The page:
India Calling

In the past week, the political intelligentsia has speculated as to the logic of President Obama’s visit to Asia. Why is he visiting right after a devastating election? Should he visit at a time of economic weakness at home? These shortsighted political commentaries are failing to realize the long-term geopolitical importance of the relationship with India for American interests. America’s most important economic partnership and security alliance in the next few decades will be with India, and President Obama’s visit was a crucial step in building this relationship.

India has “the most rapid growth potential of the BRICS.” Not only does it have a burgeoning young English-speaking population with multiple needs, but the economy also has a healthy balance between consumption and investment, the prevalent rule of law creates an environment conducive to entrepreneurship and private innovation, and market forces are relatively strong as liberalization and privatization steadily continues.

There are numerous opportunities for American businesses in India that have not yet been realized, as evidenced by the fact that America exports more to the Netherlands than to India. The presidential visit thus placed an important focus on India for many in the American corporate world who had not yet realized the tremendous scale of opportunities, and it should serve as an impetus for both countries to make further progress on trade issues and continue to open markets and expand opportunities. India must remove its restrictions on foreign investment in agriculture, retail, and telecommunications and involve American businesses in modernizing the country’s infrastructure. Such liberalization could create opportunities for American businesses and help India modernize at the pace that it desires.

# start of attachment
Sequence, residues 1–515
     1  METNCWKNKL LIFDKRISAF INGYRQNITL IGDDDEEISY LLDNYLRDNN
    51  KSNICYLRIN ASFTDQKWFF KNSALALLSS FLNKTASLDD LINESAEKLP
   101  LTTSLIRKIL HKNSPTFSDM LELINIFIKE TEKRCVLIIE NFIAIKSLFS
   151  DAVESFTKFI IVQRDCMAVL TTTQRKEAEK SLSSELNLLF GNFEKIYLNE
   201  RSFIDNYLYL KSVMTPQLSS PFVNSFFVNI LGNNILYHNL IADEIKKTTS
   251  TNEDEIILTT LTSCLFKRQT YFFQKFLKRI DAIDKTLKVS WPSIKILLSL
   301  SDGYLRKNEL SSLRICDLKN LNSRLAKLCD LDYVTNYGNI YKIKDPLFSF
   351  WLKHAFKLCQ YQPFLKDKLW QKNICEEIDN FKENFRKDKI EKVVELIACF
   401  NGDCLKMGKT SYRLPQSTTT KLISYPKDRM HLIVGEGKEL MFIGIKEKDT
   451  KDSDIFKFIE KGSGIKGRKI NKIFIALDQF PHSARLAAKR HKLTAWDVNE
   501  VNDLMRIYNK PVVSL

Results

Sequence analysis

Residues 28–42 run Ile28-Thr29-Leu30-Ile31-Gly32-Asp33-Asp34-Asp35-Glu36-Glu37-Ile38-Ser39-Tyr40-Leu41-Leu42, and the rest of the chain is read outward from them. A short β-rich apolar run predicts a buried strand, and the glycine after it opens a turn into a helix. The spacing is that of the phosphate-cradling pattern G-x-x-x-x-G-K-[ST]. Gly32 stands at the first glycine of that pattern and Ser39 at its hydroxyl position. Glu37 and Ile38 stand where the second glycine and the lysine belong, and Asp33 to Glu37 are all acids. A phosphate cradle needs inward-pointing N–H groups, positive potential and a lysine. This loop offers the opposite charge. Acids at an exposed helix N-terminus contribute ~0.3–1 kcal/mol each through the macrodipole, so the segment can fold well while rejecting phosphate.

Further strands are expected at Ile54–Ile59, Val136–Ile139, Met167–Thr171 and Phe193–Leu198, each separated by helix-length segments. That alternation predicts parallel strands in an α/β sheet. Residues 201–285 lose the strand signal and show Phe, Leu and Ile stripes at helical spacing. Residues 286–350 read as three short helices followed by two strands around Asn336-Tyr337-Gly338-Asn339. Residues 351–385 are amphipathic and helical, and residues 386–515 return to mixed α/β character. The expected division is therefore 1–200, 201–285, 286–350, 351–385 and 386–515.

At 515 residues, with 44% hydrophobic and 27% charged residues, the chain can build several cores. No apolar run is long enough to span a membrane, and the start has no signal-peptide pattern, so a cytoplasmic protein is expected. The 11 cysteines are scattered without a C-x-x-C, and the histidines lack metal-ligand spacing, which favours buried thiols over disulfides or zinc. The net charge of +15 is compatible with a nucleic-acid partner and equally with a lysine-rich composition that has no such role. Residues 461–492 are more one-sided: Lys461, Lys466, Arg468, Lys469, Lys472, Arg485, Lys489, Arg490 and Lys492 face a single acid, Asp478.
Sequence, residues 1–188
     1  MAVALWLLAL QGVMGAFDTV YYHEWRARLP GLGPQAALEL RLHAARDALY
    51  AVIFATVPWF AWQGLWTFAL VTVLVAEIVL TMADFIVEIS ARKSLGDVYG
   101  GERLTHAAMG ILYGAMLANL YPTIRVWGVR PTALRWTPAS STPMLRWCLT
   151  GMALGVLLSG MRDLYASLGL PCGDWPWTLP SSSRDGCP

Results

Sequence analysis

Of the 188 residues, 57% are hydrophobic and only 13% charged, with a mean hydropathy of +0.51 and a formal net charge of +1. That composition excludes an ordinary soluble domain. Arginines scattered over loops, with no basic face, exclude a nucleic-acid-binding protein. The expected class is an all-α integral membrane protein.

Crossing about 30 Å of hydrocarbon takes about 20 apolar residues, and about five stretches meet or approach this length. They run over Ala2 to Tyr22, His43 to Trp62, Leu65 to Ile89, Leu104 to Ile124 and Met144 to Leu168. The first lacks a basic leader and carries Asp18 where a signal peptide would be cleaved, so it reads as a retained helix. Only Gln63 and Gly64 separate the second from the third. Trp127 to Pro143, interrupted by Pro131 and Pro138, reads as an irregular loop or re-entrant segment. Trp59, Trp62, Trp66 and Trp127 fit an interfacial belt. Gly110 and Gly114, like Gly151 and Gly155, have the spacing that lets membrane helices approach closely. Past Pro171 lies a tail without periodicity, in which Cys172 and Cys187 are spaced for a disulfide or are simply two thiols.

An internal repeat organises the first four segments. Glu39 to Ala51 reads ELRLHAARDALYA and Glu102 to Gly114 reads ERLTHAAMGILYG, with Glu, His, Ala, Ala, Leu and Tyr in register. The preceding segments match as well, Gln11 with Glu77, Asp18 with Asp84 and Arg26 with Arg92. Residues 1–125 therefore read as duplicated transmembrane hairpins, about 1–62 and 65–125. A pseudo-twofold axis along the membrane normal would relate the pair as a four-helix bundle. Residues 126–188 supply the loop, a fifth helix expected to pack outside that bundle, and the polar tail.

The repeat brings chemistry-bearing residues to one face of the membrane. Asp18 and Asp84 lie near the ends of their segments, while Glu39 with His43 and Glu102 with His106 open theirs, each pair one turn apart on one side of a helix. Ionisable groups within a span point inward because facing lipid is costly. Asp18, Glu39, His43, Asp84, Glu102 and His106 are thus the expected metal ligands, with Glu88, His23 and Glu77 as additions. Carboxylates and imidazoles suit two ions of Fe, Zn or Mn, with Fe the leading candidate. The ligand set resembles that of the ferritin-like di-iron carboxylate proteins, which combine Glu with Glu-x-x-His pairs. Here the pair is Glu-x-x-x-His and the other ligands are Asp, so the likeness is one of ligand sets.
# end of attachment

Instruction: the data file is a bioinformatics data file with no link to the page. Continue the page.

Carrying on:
From a security standpoint, India now plays a crucial role in the region as both an uneasy trading partner and a simultaneous bulwark against Chinese interests. America has an interest in supporting India in territorial and trade disputes to ensure that China does not feel as though it can run roughshod over the region by claiming new territory or enacting petty protectionist measures. America’s military sales to India highlighted an important alliance that has the potential to maintain stability in Asia. With the world’s second and third largest militaries, India and the United States have the potential to create a formidable military alliance that could maintain stability in the tense region, especially in the case of territorial and naval disputes.

In an age in which Europe and Japan are in decline and in which China often opposes human rights and democratic interests, America is too often left standing alone when trying to maintain peace and defend human rights. As a rising power with similar democratic ideals, India can be a valuable leader on the global stage. Obama correctly realized the need and potential for India to be a leading power in Asia and the world when he endorsed its campaign to gain a permanent spot on the United Nations Security Council. He argued that, with a greater role on the international stage, India must accept greater responsibility in maintaining a peaceful world and thus identified one of the major benefits of an alliance with a powerful India.

Obama’s personal trip to India was also important because much of the Indian public is skeptical of his leanings since he has spent the last few years justifiably focused on problems and issues in Pakistan, Afghanistan, and China. A visit has the potential to change Indian political and public opinion in a way that simple speeches or press releases from the White House cannot do and could, in the long term, help change the political calculus behind the Indian left’s current wariness of security and trade agreements with the United States.

Dancing with children, visiting famous sights, supporting India’s bid to the Security Council, and talking with students are all “soft” actions that might not produce immediately tangible results but they will remain lasting images in the psyche of one billion residents who are steadily becoming richer and more powerful. In the decades to come, America’s relationship with India will be a major determinant of the future of our economic and security interests. And when the two countries need each other for new business opportunities or security concerns, President Obama’s visit will leave a lasting imprint on the Indian memory.

Ravi N. Mulani ’12, a Crimson editorial writer, is an applied mathematics concentrator in Winthrop House.

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